Monday, 15 January 2018


Unless you're a relative, a close friend,  famous yourself, or better yet, all three, making a documentary about someone who is even semi-famous, means dealing with their minders.  After 'Chasing Esa-Pekka'  (at the time conductor of the Los Angeles Philharmonic) and 'Frank & Alvar' (architects, Frank Gehry & Alvar Aalto) we said never again.  The Talent was fairly easy but the Minders were armed guards at the gate.  Nice, polite but fiercely demanding.  Esa-Pekka had a PR company guarding his image. They wanted him to see every foot of material before the edit – we had 51 hours.  And made us edit a great line.  I asked him if there were any rough spots in his charmed life after he replaced a conductor in London and got rave reviews. He said, 'There were girls, I was eating, drinking and fucking around.' Bing! But our commissioning editor kindly asked us t to delete it.

Thought I was cured.  But an article in the New York Times about the chefs of San Sebastian (in the Pays Basques hooked me. The town with 187,000 inhabitants in Northwest Spain has earned 16 Michelin stars, the most per capita in the world. It's become a foodie's mecca. What made the story land on the front page was an unlikely twist: instead of competing, the chefs were friends who helped each other. Led by two old hands – Juan Arzak and Pedro Sobijana. The Shark (LMP story editor) loved the idea. I made the reservation for three at Arzak. I told them we had a film company in Finland and were interested in making a documentary for YLE (Finnish Broadcasting Company) about the food culture in San Sebastian.  When we got to the restaurant they gave us the royal tour. The kitchen with its 30 chefs, the wine cellar, and the lab. Juan Arzak came out and gave us all a kiss on both checks and we took selfies. Then we went to lunch.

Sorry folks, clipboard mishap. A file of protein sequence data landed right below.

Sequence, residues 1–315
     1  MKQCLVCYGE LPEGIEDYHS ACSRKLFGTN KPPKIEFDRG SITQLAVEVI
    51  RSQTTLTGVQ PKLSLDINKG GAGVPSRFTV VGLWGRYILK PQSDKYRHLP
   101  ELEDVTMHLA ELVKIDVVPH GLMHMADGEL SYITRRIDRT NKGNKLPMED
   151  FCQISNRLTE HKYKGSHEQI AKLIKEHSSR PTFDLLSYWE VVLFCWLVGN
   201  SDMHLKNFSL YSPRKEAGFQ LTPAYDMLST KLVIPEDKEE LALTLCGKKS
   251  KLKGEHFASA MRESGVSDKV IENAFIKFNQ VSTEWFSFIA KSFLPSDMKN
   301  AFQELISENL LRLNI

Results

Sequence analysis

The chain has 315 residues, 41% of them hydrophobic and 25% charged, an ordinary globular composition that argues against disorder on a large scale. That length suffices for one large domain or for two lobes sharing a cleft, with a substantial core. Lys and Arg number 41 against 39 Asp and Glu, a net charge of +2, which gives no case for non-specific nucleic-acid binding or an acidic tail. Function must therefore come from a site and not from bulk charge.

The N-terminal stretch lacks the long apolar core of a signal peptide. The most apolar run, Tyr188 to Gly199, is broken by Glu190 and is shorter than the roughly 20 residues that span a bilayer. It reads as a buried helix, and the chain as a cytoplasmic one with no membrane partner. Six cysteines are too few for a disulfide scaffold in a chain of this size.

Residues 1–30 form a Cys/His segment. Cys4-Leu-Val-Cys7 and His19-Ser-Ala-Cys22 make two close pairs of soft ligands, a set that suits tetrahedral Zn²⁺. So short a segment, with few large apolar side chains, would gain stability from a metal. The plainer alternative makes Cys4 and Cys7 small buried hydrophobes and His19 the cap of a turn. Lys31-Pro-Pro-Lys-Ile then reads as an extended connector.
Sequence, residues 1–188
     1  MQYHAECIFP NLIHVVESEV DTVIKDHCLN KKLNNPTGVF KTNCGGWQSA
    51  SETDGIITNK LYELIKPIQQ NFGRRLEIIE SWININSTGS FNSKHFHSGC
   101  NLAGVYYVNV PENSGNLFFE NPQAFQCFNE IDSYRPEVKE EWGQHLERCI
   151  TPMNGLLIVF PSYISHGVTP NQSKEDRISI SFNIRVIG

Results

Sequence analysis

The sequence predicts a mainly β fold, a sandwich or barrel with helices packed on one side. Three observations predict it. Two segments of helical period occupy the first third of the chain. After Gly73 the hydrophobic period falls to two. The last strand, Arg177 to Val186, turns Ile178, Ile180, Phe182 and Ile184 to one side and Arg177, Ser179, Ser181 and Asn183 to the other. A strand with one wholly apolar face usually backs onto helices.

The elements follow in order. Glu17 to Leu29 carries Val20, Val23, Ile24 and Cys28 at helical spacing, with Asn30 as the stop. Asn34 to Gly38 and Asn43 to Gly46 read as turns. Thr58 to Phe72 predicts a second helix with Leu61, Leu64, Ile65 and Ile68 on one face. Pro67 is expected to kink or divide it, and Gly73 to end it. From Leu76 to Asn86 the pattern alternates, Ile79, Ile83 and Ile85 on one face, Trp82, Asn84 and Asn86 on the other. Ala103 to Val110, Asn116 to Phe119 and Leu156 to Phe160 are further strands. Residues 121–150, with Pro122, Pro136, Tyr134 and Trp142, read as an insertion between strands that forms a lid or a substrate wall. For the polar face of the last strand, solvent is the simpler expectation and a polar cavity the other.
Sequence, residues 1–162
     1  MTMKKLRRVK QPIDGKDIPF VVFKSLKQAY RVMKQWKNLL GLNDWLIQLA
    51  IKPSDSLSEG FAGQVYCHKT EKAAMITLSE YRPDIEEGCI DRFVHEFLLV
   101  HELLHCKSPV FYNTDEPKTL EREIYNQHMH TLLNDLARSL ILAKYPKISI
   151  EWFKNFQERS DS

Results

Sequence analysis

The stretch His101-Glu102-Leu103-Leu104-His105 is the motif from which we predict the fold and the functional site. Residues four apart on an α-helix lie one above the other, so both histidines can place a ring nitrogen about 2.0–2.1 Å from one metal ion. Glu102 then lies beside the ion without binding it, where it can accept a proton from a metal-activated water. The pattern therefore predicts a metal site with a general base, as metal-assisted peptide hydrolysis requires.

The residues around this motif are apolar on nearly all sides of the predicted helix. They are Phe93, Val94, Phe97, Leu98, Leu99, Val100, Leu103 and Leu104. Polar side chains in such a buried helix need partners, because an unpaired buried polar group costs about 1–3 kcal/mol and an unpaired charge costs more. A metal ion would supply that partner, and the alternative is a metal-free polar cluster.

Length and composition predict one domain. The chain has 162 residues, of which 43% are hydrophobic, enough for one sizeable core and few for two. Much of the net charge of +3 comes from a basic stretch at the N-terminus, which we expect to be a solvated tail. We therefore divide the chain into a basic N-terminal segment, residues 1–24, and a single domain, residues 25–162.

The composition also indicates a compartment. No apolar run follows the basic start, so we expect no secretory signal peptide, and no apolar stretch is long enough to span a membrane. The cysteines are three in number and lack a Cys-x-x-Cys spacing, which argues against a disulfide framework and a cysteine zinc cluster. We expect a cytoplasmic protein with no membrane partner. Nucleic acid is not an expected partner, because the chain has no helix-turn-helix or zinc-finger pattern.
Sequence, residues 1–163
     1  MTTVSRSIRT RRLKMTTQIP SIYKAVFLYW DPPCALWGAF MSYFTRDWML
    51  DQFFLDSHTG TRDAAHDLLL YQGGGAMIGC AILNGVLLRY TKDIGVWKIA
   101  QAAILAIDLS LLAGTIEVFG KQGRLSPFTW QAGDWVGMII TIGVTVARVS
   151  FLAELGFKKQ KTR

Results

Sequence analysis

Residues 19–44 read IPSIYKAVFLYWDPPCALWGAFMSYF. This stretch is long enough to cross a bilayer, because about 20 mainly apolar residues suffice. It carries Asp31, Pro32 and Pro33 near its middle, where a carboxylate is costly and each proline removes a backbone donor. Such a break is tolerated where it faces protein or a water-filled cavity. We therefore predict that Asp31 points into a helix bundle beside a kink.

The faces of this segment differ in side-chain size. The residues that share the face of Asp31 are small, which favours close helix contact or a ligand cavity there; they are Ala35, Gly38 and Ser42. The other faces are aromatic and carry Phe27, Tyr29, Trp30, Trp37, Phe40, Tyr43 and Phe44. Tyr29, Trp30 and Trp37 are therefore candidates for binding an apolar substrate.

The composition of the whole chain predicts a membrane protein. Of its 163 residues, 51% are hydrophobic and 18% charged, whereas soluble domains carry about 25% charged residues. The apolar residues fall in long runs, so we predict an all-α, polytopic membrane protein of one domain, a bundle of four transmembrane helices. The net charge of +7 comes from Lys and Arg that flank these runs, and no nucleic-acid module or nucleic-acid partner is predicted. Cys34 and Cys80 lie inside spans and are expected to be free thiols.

Art food (rye bread, sausages and ketchup). 

Lunch was six courses of edible art. We drank extra dry sherry and lots of wine. It was great fun and perfect film material. I called my contact at Arzak to thank her and told her I'd like to come back and do a short test film. She sounded excited about the idea and asked me to email a synopsis. The story we wanted to tell was how Juan and Pedro, after their three-star restaurants were a success, encouraged young chefs to get on board and make Basque cuisine famous. We wanted to include something about the Basque history, one of the oldest, if not the oldest in Europe. Then the ax fell. Arzak thought the documentary should be about them. Juan's daughter Elena is taking over from her father and has got lots of media attention. But one thing we've learned:  a one-hour documentary needs a ton of material.  One three star restaurant, no matter how great, would not do the trick. We passed. T.S. Elliot said, 'Between the idea and the reality falls a shadow.' That says it all.

Next wee: Mining for  MOVIES: Youtube GOLD

Re: AI SHRINK: Erkki thanks for the info about Eliza. But she's not a German Shepherd and I'd have to go online and blah-blah into the whatever-sphere.

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